History matters. Beneath every story that talks about where she was, what she was doing, or the individual circumstances that led her – that led all of them – to a premature and violent end, is a story centuries old. These are stories of dispossession, of being chased from homes and communities; they are stories of children torn from mothers’ arms and subjected to abuse beyond most peoples’ imagination; these are stories of seeking help, and instead finding harm, in agencies that were supposed to keep us safe. As a society, we can only “move on” when we accept, collectively, that every era builds on the one before, that current systems inherit historical biases and create new ones.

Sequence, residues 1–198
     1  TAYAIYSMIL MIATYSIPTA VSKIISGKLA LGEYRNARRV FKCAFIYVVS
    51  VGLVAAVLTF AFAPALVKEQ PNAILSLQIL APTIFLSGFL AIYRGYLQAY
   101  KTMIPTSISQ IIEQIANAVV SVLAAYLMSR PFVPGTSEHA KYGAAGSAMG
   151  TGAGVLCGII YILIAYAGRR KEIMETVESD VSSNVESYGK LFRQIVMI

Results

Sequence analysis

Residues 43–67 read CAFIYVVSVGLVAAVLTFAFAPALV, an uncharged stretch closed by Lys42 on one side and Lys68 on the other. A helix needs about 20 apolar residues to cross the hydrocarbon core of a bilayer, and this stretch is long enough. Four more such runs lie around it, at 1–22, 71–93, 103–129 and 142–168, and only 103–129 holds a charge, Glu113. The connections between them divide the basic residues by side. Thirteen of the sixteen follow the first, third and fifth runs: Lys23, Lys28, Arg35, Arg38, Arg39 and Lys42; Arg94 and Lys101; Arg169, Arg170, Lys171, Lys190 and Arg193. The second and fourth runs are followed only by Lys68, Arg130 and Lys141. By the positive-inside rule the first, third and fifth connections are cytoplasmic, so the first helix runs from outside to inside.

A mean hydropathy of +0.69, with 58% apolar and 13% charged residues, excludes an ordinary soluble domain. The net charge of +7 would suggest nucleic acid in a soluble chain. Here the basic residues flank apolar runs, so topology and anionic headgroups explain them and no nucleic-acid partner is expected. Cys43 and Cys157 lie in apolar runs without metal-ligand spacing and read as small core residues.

The failure to address and to redress these histories isn’t only about the how we see or perceive violence; quite literally, it is killing our women, girls, and 2SLGBTQQIA+ people in the same way that colonization has always done – as an assault from multiple directions, aimed squarely at ending us. If society can acknowledge the reality of these histories, then we can begin to look – seriously and critically – at where we are now. If we accept that there are legacies still in place and systems that still operate to deny services and the full enjoyment of human and Indigenous rights to Indigenous women, girls, and 2SLGBTQQIA+ people, we can then start to confront them and to dismantle them – to do the necessary work that we need to move forward and to keep all members of society safe.